Brides have their dreams, sinners their secrets, but sometimes it’s not so easy to tell them apart.
In the border town of El Paso—better known to its Mexican American residents as El Chuco—dramas unfold in humdrum households every day as working-class men come home from their jobs and as their wives and children do their best to cope with life. Christine Granados now plumbs the heart of this community in fourteen startling stories, uncovering the dreams and secrets in which ordinary people sometimes lose themselves. Many fictional accounts of barrio life play up tradition and nostalgia; Brides and Sinners in El Chuco is a trip to the darker side. Here are memories of growing up in a place where innocence is always tempered by reality—true-to-life stories, told in authentic language, of young women, from preteens to twenty-somethings, learning to negotiate their way through troubled times and troubled families. In the award-winning story “The Bride,” a young girl recalls her sister as a perennial bride on Halloween, planning for her eventual big day in a pink notebook with lists of potential husbands, only to see her dream thwarted at the junior prom. In another, we meet Bobbi, the class slut, whose D-cup chest astounds the other girls and entices everyone—even those who shouldn’t be tempted.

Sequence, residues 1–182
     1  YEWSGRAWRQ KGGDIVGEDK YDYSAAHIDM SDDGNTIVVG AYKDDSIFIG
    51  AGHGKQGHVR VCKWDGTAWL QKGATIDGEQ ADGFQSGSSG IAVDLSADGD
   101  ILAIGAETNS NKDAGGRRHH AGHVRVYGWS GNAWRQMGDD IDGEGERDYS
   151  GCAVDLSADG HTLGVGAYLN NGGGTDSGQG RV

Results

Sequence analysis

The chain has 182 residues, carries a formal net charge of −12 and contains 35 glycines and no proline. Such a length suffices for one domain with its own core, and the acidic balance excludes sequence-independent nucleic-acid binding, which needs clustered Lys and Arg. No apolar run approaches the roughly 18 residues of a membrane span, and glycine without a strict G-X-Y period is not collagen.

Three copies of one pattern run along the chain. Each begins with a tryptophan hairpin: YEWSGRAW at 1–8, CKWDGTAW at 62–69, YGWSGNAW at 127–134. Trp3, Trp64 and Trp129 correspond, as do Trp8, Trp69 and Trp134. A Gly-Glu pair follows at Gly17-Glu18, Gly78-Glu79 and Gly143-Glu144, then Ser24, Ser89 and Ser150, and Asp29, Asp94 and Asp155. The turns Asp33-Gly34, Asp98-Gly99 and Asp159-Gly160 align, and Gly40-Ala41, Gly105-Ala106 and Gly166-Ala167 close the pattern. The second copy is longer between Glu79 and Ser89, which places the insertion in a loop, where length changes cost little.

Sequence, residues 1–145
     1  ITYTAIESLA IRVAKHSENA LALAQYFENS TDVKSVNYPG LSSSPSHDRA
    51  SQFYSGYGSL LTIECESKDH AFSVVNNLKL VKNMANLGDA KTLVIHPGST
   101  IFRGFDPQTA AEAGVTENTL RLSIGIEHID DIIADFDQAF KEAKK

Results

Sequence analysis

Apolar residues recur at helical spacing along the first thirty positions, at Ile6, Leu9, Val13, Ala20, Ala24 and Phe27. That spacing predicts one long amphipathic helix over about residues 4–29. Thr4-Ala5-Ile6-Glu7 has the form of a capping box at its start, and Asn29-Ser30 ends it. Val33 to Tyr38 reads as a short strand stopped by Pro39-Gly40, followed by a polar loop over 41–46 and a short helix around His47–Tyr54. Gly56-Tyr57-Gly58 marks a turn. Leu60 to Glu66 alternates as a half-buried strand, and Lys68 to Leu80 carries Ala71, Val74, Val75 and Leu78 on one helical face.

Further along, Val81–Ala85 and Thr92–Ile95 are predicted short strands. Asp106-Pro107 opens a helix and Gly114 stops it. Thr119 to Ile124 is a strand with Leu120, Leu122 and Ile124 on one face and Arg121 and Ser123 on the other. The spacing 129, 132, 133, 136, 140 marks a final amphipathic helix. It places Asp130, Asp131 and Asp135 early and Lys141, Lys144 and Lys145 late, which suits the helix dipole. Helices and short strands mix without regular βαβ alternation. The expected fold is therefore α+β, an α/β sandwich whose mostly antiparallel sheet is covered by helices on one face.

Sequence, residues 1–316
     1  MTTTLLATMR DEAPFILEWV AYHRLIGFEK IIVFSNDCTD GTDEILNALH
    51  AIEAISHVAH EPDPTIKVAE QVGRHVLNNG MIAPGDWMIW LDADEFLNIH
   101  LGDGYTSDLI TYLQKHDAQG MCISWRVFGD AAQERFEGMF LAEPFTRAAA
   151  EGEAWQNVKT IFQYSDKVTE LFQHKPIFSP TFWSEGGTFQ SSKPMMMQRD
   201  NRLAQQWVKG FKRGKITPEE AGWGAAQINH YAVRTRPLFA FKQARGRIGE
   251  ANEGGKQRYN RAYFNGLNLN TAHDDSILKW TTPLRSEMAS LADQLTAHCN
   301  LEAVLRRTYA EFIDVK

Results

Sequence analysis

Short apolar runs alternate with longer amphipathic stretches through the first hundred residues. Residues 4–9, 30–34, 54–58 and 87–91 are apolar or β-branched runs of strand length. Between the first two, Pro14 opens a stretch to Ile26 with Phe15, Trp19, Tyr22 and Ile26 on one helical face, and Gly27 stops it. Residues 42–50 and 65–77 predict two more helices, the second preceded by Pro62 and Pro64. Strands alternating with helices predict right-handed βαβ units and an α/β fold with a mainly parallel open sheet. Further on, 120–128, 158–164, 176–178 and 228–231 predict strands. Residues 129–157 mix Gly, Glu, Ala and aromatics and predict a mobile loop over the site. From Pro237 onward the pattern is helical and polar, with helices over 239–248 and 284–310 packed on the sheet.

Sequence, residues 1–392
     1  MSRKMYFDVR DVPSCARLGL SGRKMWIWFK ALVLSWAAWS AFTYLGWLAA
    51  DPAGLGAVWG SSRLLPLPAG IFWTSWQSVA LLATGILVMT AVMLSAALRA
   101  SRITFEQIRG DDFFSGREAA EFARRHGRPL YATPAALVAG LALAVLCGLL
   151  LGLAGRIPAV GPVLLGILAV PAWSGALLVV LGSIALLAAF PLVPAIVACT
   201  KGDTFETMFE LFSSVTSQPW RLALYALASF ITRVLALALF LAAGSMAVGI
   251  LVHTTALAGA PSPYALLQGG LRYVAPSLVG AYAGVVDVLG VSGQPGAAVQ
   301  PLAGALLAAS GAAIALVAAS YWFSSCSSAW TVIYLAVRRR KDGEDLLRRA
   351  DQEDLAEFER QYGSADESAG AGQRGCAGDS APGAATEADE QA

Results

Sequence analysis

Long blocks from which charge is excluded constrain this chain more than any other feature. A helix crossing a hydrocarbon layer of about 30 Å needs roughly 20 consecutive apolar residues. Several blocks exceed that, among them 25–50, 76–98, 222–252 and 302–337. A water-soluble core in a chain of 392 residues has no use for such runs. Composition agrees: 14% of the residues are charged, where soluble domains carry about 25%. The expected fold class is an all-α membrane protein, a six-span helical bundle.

Granados’ tales boldly portray women’s struggle for solidarity in the face of male abuse, and as these characters come to grips with self-discovery, sibling rivalry, and dysfunctional relationships, she shows what it means for Chicanas to grow up in protective families while learning to survive in the steamy border environment. Brides and Sinners in El Chuco is an uncompromising look at life with all its hard edges—told with enough softness to make readers come back for more.
Each of the crystalline worlds Cary Holladay brings us in the short stories and novella that make up Brides in the Sky has sisterhood, in all its urgency and peril, at its heart. In the title story, two women in 1850s Virginia marry brothers who promptly uproot them to follow the Oregon Trail west, until an unexpected shift of allegiance separates the sisters forever. Elsewhere in the book, a young boy’s kidnapping ignites tensions in a sorority house; frontier figure Cynthia Ann Parker struggles upon her return to her birth community from the Comanche people with whom she’s lived a full life; and in a metafictional twist, a gothic tale resonates in the present. In the novella, “A Thousand Stings,” three sisters come of age in the 1960s over a long summer of small-town scandal and universal stakes. These are just some of the lives, shaped by migrations, yearning, and the long shadows of myth, that Holladay creates. She crafts them with subtle humor, a stunning sense of place, and an unerring eye for character.